Last Thursday I went to see the movie Marshall. It’s a movie celebrating the first black Supreme Court Justice , Thurgood Marshall. I was thinking this would be a biopic detailing his life from childhood, rise to fame and the struggles he faced. Boy was I wrong!
The movie was actually about a case that Marshall (played by Chadwick Boseman) took on as part of the NAACP. There was a man named Joseph Spell( Sterling K. Brown) who was being accused of the rape and the attempted murder of a white woman. The narrative was that Spell raped her in her home multiple times while her husband was away. He then took her to a bridge and threw her into a reservoir.
The incident happened in the northern town of Greenwich, Connecticut. Marshall traveled from New York City, the headquarters of the NAACP to this little town because he believed Spell was innocent. When he made it to the small town he realized he would need some help, and that help would come from a Jewish insurance attorney.
Samuel Friedman( Josh Gad) was hired by the Bridgeport NAACP. Like most white people in the area, he thought Spell was guilty. The area was certainly not known for hospitality to black people. Friedman tried to get out of the case three different times but something in his character caused him to help Marshall and he became co-counsel. It was a good thing they were both on the case because getting past Loren Willis( Dan Stevens) an unreconstructed bigot would be close to impossible. It didn’t help that there were two attorneys; a black man and a Jew.
The other obstacle was that the victim Eleanor Strubing ( Kate Hudson) came from old money. She was the daughter of an investment banker. Her husband John Strubing Jr( Jeremy Bobb) an ambulance driver in WWI he also played for The Tigers football team. After being married for a while Strubing became a business man and he and his wife lived a charmed life. This lifestyle is how Spell came into their lives; he was their chauffeur.
Marshall and Friedman never really believed Eleanor’s story. She claimed she was raped four different times. She was kidnapped from her home, thrown off a bridge and then hit with rocks. At trial they quickly pounced on the prosecution’s case. Why would anyone rape a woman in her home when her husband could have come home at any moment? Why leave the house and drop her off of a bridge on the side where she could swim to shore? Why not drop her where the jagged rocks were located? And the story about the rocks was just ridiculous, not to mention there were no rocks on that bridge; only pebbles.
It came out at trial that her story was a complete farce. But she wasn’t the only one who lied. Spell said he never touched her but it was proven in court that the pair had consensual sex. Eleanor’s husband was always away on business and when he was home he often abused his wife. The night that Joseph came into her room to ask for money she had been drinking and invited him into her bed. They shared a night of passion but soon Mrs. Strubing became nervous.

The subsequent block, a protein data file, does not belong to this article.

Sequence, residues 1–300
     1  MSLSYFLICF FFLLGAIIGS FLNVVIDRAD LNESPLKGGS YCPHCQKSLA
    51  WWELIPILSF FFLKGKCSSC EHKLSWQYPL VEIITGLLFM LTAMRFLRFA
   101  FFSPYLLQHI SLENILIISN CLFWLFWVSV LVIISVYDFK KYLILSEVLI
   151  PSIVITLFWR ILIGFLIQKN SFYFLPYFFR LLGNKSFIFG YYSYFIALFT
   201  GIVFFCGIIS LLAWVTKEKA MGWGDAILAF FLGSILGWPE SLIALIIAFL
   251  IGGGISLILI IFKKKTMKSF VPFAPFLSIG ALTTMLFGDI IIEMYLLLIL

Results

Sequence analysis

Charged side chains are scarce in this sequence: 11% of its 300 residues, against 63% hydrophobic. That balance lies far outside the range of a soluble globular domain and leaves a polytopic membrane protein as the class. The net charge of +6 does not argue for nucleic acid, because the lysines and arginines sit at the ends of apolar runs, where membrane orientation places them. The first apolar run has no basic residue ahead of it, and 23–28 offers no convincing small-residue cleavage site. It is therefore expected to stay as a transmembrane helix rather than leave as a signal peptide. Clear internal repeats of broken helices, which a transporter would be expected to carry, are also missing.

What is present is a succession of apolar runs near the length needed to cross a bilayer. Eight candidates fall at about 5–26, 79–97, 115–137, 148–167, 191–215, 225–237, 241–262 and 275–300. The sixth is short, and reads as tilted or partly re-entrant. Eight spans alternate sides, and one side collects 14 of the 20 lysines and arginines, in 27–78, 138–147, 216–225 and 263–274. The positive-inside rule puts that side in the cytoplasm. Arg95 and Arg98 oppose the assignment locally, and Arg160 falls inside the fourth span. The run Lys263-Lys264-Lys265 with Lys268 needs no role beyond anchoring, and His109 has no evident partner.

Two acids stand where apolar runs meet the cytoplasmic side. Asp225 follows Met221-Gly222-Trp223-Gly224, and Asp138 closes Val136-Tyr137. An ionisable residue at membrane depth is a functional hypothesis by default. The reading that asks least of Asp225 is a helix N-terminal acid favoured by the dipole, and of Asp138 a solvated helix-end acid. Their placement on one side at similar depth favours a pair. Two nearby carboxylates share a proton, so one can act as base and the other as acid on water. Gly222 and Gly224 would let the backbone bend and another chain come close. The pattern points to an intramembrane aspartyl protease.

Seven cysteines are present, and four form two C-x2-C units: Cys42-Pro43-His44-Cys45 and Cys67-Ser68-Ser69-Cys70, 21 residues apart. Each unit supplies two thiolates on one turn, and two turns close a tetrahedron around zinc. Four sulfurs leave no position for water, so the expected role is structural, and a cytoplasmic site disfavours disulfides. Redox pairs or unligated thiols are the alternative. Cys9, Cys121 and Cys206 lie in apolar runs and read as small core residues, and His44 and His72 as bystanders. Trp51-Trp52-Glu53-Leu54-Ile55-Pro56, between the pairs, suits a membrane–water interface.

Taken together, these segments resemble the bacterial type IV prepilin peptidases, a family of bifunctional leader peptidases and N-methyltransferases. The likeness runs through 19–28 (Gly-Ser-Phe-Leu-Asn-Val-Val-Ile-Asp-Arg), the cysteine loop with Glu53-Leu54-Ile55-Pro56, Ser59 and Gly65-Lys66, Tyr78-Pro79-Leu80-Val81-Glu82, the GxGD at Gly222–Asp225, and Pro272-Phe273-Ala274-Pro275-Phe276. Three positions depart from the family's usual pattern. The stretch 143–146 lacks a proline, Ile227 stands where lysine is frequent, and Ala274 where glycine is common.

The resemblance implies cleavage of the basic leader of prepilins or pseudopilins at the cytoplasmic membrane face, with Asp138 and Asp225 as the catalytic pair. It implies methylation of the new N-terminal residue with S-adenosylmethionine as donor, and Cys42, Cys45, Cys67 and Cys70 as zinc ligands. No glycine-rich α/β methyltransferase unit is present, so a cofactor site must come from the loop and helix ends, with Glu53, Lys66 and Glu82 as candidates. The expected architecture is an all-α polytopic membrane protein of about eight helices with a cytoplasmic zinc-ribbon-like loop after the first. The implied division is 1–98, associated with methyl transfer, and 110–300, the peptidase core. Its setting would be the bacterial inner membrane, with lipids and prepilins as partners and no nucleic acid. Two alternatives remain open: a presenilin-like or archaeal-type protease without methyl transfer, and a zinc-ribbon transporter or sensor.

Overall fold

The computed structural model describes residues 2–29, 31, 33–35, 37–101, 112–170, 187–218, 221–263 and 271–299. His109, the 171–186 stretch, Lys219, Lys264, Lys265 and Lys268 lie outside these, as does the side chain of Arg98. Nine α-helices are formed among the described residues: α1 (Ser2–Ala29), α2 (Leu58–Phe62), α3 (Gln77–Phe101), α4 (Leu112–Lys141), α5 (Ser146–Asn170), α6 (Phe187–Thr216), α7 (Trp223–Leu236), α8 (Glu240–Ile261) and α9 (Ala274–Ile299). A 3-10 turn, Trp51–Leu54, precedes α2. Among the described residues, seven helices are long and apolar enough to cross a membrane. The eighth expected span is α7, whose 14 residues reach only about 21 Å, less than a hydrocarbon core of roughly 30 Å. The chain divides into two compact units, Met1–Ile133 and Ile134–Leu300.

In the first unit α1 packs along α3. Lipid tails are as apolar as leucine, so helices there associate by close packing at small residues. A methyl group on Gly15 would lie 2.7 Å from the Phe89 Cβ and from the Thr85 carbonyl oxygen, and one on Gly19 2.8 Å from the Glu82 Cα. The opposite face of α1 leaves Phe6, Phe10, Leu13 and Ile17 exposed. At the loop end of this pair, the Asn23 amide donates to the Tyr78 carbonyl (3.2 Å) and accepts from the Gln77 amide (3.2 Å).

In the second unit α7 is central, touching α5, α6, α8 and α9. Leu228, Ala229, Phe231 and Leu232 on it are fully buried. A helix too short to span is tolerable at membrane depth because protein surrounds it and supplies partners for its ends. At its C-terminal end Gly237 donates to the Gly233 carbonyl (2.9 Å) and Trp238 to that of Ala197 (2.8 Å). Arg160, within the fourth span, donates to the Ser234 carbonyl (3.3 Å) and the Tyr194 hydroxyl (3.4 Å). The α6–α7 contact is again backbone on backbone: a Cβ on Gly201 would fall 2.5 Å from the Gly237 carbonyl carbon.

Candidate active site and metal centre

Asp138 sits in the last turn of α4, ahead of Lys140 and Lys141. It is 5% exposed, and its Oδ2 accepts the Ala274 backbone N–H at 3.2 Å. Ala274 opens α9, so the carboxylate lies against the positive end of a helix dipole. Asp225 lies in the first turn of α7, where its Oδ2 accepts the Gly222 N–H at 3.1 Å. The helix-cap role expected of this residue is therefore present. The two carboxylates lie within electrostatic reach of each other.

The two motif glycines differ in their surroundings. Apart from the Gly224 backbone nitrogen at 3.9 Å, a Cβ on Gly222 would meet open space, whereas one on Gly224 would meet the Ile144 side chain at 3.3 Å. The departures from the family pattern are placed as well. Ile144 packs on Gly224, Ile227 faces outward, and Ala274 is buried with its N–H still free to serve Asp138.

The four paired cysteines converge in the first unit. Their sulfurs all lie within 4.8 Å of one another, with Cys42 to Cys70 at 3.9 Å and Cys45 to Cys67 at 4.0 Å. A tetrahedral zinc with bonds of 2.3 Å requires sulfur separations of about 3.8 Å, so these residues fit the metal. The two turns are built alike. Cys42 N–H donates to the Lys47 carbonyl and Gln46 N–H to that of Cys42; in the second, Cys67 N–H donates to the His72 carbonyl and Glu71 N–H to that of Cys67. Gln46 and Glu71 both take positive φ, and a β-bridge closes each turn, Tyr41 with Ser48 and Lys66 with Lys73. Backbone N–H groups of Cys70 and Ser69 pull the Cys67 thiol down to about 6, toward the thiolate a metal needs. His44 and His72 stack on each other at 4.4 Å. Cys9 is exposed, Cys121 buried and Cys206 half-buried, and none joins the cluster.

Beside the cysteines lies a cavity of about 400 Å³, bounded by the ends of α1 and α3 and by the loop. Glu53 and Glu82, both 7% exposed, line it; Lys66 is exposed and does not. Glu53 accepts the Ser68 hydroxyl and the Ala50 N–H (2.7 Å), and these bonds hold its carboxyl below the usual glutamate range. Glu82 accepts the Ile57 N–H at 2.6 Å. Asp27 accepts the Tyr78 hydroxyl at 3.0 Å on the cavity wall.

The alcohol and paranoia got to her. She begged Spell to drive her away from the house. Then as they drove she asked him to pull over. He assured her that everything was fine and they wouldn’t get caught. In complete hysterics she screamed out rape. She jumped from the bridge into the Kensico Reservoir. It was revealed in court that she was a trained swimmer. She swam to shore, flagged a truck driver and started this whole tragedy with her cries of rape.
Thurgood Marshall and Friedman taking this case was like taking on the stories that black men are so scary and threatening, hell bent on raping poor white women. This made me think of how often that happens in today’s court systems. Our men are seen as brutal and menacing when in fact, there are rapists and murderers of all races.
Marshall and Friedman’s hard work was successful in gaining Spell an acquittal. The result catapulted the NAACP to start a chapter in Greenwich. Thurgood Marshall was in Oklahoma helping another client when the jury came back. He didn’t even have time to celebrate due to his full schedule.
For those of you who don’t know much about Thurgood Marshall. He was instrumental in The Brown vs The Board of Education desegregation case. He was the first black Supreme Court Justice from 1967-1991. And was awarded the Presidential Medal of Freedom and the Spingarn Medal.
It was great seeing Chadwick Boseman in this role. He is fast becoming the go-to actor for biopics. A surprise was Josh Gad in the role of attorney Friedman. I am familiar with him in many comedic roles but he played this serious character and exceeded my expectations. He was excellent in this role and has me excited to see him in more dramatic pieces. Marshall is a movie I look forward to buying. I give it 4 stars.